The Musky fishing season has officially started in northern Wisconsin.
But to catch one, many actually use another species of fish as bait.
They're called White Suckers, and bait harvesters in the Northwoods say Oneida County has their fair share. Especially in spring as the fish spawn in waterways like the Little Rice River.
"This is a yearly event for them, and we've been netting these fish for the last twenty years," net fisherman Scott Goode said.
Goode is teaming up with his two sons using net fishing techniques to catch White Suckers. The species is common in Wisconsin and the Upper Midwest. They're used for food, but more commonly as bait for Muskies.
"We get out and net these Suckers and we use them in Wisconsin's bait fishing industry," Goode said.
The process works as a duo wades into the river carrying a large white net. As it spreads out the net acts like a giant catcher's mitt. It collects fish as the fisherman duo retreats downstream, allowing them to catch multiple fish at the same time.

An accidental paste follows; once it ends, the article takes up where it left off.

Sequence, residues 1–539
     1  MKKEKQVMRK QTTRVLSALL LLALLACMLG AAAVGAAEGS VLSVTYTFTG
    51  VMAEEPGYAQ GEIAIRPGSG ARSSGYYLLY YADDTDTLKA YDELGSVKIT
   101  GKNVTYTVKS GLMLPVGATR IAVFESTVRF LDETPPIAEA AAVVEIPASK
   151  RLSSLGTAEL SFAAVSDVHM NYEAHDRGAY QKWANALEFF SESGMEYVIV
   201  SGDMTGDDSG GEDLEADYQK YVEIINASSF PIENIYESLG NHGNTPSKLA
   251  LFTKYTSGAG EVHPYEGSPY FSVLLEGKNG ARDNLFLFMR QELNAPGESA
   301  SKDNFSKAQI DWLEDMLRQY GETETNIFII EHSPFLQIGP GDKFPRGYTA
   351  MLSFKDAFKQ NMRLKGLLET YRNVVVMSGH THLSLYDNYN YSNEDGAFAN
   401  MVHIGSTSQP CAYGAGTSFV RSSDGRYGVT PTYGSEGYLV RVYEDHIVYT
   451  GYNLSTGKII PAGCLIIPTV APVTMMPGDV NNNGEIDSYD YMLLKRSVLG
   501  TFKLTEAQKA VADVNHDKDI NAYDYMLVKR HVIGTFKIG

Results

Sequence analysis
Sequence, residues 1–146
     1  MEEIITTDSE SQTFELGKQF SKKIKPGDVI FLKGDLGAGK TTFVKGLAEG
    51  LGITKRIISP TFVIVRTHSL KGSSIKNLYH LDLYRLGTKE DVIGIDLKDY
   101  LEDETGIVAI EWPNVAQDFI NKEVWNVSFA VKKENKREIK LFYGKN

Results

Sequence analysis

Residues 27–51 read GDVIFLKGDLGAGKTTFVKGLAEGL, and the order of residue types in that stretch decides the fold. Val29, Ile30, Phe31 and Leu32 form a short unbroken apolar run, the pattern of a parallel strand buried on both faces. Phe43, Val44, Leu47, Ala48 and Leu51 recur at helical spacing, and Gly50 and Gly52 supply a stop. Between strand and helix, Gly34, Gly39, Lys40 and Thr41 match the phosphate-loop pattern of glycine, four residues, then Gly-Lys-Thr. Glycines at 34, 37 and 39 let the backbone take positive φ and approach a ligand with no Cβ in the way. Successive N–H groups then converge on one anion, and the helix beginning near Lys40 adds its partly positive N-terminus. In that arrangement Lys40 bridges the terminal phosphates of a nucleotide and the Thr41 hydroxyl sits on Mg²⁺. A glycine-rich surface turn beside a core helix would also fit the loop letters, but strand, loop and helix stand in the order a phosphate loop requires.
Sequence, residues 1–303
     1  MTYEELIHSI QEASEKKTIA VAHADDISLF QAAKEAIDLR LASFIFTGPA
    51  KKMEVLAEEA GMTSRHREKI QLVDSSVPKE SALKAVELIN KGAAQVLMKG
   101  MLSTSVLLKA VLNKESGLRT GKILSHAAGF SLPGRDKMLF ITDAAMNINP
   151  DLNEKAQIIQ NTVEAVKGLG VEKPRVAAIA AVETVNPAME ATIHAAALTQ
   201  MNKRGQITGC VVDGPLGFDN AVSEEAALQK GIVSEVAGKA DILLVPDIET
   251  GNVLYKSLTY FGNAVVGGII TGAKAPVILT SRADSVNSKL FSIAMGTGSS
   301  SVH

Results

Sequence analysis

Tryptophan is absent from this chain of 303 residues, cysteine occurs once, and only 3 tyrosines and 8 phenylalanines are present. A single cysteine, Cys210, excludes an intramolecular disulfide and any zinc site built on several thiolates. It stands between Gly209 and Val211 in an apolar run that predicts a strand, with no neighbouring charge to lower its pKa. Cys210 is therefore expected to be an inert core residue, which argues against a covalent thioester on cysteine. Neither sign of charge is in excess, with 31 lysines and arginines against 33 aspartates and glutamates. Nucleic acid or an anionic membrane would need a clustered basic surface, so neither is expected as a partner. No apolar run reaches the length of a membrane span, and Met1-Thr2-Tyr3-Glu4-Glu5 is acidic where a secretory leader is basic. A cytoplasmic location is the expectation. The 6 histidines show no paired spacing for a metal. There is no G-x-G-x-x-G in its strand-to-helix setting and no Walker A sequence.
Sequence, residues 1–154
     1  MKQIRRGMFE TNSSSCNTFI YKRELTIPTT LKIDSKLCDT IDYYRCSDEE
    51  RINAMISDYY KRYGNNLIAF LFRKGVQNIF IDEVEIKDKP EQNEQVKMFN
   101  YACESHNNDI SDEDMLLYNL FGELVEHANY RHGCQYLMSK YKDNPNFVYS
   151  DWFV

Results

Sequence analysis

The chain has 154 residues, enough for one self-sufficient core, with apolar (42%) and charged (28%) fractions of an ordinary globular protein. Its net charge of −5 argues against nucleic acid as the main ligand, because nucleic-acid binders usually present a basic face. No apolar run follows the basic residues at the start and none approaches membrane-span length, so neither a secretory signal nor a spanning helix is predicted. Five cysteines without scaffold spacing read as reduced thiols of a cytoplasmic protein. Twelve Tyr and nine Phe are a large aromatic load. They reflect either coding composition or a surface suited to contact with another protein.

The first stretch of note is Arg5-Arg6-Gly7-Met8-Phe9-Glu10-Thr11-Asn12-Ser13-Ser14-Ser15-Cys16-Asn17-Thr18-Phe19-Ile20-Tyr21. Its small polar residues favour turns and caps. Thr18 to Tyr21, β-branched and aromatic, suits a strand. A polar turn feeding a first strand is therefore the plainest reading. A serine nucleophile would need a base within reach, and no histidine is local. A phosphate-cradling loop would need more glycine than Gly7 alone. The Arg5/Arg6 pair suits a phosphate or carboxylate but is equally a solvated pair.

"We try to get the male Suckers that are about 12 to 14 inches which are ideal size for Musky fishing," Goode said.
Females are released to continue in the spawning process. Males harvested are taken ashore and put in a modified tank and transported to market.
Standing near his sons at bank of the Little Rice River, Goode says the company and quality of work are both well worth his investment.
"I'm teaching them something I've done for years and whether they do it or not is up to them," Goode said. "At least they'll know how it's done and that is getting to be a lost art," he continued.